Acute performance deficits during training or competition result, in part, from skeletal-muscle damage provoked by prior high-intensity, overloading exercise. Evidence suggests that exercise-induced muscle damage (EIMD) impedes muscular force production (ie, muscle strength), movement kinematics
Adam D. Osmond, Dean J. Directo, Marcus L. Elam, Gabriela Juache, Vince C. Kreipke, Desiree E. Saralegui, Robert Wildman, Michael Wong and Edward Jo
Mads S. Larsen, Dagmar Clausen, Astrid Ank Jørgensen, Ulla R. Mikkelsen and Mette Hansen
( Levenhagen et al., 2001 ; van Loon et al., 2000 ), and markers of immune function ( Witard et al., 2014 ). Furthermore, studies show an accelerated regain of strength and function following a single bout of muscle-damaging resistance exercise when supplementing with whey protein ( Buckley et al., 2010
Jordan D. Philpott, Chris Donnelly, Ian H. Walshe, Elizabeth E. MacKinley, James Dick, Stuart D.R. Galloway, Kevin D. Tipton and Oliver C. Witard
are implicated in causing skeletal muscle fiber damage ( Nédélec et al., 2012 ; Russell et al., 2015 ). Multiple physiological events underpin the muscle damage process following eccentric-based exercise. Mechanical loading on muscle fibers initially serves to overstretch some myofilaments, resulting
Ahmed Ismaeel, Michael Holmes, Evlampia Papoutsi, Lynn Panton and Panagiotis Koutakis
ROS ( Steinbacher & Eckl, 2015 ). Notably, consumption of antioxidant supplements has become a very common practice for athletes and physically active individuals in a perceived attempt to enhance training, speed up recovery, and limit muscle damage and soreness ( Gomez-Cabrera et al., 2008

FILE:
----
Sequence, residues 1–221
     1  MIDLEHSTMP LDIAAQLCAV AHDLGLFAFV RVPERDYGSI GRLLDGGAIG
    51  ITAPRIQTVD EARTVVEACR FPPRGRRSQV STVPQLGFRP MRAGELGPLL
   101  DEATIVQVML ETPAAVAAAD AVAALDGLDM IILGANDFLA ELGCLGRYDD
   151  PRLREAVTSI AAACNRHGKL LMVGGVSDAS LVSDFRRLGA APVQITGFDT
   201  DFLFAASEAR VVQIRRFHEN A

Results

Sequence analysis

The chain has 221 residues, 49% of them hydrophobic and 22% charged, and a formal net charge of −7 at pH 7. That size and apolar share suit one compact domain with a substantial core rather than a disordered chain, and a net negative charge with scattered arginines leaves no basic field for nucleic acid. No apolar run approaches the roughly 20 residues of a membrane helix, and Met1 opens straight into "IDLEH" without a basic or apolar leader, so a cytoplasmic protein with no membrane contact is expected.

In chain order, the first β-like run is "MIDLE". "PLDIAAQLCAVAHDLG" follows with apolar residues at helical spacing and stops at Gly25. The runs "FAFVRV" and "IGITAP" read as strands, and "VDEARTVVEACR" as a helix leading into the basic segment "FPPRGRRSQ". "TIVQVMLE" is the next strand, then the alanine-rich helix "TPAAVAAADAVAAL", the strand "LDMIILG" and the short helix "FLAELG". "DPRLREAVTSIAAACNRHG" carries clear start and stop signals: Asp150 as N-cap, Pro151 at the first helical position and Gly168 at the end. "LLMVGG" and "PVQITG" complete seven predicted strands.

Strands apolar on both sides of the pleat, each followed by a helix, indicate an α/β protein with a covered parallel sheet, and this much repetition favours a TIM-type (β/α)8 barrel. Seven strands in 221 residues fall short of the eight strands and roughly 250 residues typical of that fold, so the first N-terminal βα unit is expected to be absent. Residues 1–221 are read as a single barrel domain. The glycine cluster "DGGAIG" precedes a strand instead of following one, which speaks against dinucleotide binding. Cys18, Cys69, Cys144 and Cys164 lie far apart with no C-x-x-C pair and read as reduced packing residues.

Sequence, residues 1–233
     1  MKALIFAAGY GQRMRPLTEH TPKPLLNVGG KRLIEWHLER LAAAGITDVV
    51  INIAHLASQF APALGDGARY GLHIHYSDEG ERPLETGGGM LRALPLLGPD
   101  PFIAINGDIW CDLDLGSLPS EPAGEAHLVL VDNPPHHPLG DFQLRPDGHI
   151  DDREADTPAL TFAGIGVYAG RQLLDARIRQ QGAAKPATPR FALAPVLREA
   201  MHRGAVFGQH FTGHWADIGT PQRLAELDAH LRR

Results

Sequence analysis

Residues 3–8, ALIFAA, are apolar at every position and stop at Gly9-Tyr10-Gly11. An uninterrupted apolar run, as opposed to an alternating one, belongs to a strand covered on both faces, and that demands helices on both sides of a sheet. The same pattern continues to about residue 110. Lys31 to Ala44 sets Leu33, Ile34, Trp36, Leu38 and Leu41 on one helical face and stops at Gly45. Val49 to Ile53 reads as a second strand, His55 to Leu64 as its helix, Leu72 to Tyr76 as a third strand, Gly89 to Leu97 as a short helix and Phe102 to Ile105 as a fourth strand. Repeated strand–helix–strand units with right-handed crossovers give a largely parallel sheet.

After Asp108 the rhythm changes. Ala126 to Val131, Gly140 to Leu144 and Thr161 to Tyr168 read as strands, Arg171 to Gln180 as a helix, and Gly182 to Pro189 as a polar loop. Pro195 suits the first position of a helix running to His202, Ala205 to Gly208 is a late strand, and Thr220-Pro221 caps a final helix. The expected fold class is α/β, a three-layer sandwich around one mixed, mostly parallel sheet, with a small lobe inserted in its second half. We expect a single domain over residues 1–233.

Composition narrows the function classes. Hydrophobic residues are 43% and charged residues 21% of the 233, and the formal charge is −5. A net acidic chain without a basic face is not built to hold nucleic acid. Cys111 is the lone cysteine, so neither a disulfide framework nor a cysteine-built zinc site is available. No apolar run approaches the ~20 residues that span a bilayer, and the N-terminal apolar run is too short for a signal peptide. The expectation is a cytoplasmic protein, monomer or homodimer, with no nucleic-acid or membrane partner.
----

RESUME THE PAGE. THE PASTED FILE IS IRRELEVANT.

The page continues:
Aline C. Tritto, Salomão Bueno, Rosa M.P. Rodrigues, Bruno Gualano, Hamilton Roschel and Guilherme G. Artioli
increased LBM by ∼8.5 and ∼7.5 kg, respectively. It has been argued that the free acid form of HMB may explain such positive results because HMB-FA has greater bioavailability than its calcium salt form (HMB-Ca; Fuller et al., 2011 ). Another explanation lies in the ability of HMB to minimize muscle damage
Theofanis Tzatzakis, Konstantinos Papanikolaou, Dimitrios Draganidis, Panagiotis Tsimeas, Savvas Kritikos, Athanasios Poulios, Vasiliki C. Laschou, Chariklia K. Deli, Athanasios Chatzinikolaou, Alexios Batrakoulis, Georgios Basdekis, Magni Mohr, Peter Krustrup, Athanasios Z. Jamurtas and Ioannis G. Fatouros
:5. 7 Speed-endurance production training drills typically utilize repetitive soccer-specific, high-speed running (HSR) with powerful changes of direction. 8 These actions incorporate a strong eccentric component which is associated with exercise-induced muscle damage (EIMD). 9 EIMD produces localized
Rebecca Quinlan and Jessica A. Hill
Participation in athletic training and competition can cause exercise-induced muscle damage. This phenomenon occurs as a result of mechanical and metabolic stress and is mainly associated with prolonged high-intensity eccentric or unaccustomed exercise. 1 Exercise-induced muscle damage is
James Fell and Andrew Dafydd Williams